DISCLAIMER: The characters are Joss’, of course, and the chapter title comes from Sting’s, “Tomorrow We’ll See.”
PREVIOUSLY ON BUFFY: Xander has learned more of Spike’s situation and agreed to help him out, arranging to take him back to London just as Hanif said he would…
An hour outside of Heathrow, Xander started to have serious doubts about his decision. Storms pummeled the plane almost as soon as they left Cairo, making the aircraft drop and rock for most of the duration of the flight, and in the seat beside him, Spike clung to his armrest as if his life depended on it, his face decidedly green. Both Xander and Hanif had warned him of the possibilities while flying, but he had been adamant about continuing. Now, though, he seemed to regret his choice.
Xander, on the other hand, had long ago grown accustomed to turbulent flights, and sat through the tumult with the cast-iron stomach that had served him well during his high school years. The chaos to which he was succumbing was inside his head, caused first and foremost by the confusion of his traveling companion’s true identity. To his face, Xander had finally capitulated in calling him William, but he was still Spike in Xander’s thoughts, in spite of the obvious differences in manner and speech. And because it was Spike, Xander had lived much of the past two days in memories of Sunnydale.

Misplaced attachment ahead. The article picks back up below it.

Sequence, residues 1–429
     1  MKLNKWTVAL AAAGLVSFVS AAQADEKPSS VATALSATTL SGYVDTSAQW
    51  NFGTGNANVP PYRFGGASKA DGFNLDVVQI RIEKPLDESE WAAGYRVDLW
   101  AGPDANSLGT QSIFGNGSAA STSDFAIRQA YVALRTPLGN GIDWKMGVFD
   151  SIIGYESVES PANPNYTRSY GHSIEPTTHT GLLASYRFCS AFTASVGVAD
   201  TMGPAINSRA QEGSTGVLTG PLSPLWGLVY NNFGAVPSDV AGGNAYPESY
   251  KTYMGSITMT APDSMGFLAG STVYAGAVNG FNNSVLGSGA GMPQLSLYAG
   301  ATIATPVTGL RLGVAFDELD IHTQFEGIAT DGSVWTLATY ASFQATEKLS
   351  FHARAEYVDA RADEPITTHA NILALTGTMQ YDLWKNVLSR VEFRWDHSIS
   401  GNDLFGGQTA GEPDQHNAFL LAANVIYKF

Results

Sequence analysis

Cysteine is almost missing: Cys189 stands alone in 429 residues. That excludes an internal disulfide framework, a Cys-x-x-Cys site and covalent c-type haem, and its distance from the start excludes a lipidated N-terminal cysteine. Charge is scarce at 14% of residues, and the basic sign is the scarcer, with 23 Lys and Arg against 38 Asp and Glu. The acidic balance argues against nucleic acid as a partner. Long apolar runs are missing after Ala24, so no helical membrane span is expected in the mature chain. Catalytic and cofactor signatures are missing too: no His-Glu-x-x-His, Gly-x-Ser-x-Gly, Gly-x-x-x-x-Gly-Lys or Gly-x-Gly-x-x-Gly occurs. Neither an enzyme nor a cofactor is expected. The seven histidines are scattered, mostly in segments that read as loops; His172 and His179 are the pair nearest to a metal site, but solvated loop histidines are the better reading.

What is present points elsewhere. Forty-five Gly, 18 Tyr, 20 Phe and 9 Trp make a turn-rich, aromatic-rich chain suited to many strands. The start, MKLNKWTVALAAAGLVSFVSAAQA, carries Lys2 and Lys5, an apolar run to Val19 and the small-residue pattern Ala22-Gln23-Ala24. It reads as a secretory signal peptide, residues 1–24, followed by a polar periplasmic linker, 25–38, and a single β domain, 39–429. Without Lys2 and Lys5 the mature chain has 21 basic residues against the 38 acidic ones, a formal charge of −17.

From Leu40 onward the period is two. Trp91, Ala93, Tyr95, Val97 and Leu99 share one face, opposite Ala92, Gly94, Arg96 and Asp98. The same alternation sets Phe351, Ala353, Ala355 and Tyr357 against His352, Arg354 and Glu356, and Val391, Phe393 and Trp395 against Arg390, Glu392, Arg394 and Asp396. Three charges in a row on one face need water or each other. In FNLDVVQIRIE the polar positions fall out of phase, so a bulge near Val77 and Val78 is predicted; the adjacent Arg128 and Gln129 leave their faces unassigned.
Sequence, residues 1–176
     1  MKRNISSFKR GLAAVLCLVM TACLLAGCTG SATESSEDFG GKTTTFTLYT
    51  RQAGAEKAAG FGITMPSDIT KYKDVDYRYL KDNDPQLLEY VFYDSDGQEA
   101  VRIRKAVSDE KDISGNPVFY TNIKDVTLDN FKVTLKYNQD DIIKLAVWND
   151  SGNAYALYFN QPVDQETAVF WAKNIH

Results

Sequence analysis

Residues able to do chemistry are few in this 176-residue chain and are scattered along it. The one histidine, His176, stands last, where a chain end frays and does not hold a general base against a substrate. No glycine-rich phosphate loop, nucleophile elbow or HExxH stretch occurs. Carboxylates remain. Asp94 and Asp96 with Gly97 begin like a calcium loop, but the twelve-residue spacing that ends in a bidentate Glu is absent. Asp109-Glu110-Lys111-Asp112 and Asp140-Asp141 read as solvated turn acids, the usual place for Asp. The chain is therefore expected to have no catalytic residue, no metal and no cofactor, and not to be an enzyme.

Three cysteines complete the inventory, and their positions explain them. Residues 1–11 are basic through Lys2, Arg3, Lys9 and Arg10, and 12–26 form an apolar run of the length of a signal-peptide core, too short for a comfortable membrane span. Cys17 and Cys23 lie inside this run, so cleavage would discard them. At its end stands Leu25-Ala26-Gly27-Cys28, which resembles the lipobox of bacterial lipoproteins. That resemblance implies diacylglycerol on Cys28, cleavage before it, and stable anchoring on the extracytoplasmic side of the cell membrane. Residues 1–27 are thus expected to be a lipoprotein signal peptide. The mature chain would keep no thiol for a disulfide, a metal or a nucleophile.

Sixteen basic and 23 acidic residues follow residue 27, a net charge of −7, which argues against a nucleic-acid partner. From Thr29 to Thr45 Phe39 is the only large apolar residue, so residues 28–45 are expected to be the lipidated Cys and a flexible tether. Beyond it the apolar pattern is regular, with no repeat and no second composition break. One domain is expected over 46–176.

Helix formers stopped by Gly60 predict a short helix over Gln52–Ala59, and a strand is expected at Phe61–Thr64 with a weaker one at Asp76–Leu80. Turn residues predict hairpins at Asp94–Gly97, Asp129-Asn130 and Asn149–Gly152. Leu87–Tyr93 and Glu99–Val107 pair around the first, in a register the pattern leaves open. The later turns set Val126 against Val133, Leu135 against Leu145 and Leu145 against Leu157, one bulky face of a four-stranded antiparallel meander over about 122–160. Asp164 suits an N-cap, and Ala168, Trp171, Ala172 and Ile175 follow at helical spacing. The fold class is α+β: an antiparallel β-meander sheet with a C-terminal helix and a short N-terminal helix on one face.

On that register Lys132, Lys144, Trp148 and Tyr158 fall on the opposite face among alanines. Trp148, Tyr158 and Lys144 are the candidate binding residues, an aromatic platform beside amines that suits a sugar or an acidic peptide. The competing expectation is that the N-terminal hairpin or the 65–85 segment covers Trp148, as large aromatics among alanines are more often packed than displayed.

He had no illusions that all had been mended between him and Anya by those last few days and nights. Too much had happened, too many words said, too many things done, for it all to be erased by a few warm smiles and one amazing night on the Summers’ kitchen floor. He didn’t know what Anya had expected to happen after the big fight in the Hellmouth, but Xander had been looking forward to trying to figure out what exactly was in store for them. Friends at the very least. Hopefully more. They had both learned a lot over that last year.
Except Anya hadn’t come out of the Hellmouth.
Neither did a part of Xander’s heart.
He’d dealt with it as best he could, throwing himself over-enthusiastically into everything that was asked of him. One-eyed carpenters weren’t in high demand in the job market, and it had seemed like an excellent opportunity to see some of the world. Life had grown easier with each passing country. Simpler.
He liked simple.
Then Spike had come along, and it had all come rushing back to Xander. For the first time in three years, he had to face the fact that Anya would forever be his one failure. There would be no more chances of redemption with her, no more opportunities for apology. He would have to live with the consequences of her death for the rest of his life.
He hated Spike a little bit for making him see that now.
What concerned him at the moment, however, was not his own reaction to seeing the presumed-dead vampire. It was how it was going to impact on those who’d actually cared about Spike. Dawn. Buffy. The only thing that was alleviating his worry was the fact that it wasn’t going to happen right away. Xander would have time to figure out with Willow and Giles how best to break the news to the Summers women. Hopefully, they could stall it for a few weeks while Spike regained a little bit of confidence about being in the real world again. They didn’t need him freaking out when he saw Buffy for the first time. The poor guy was convinced she was going to kill him again.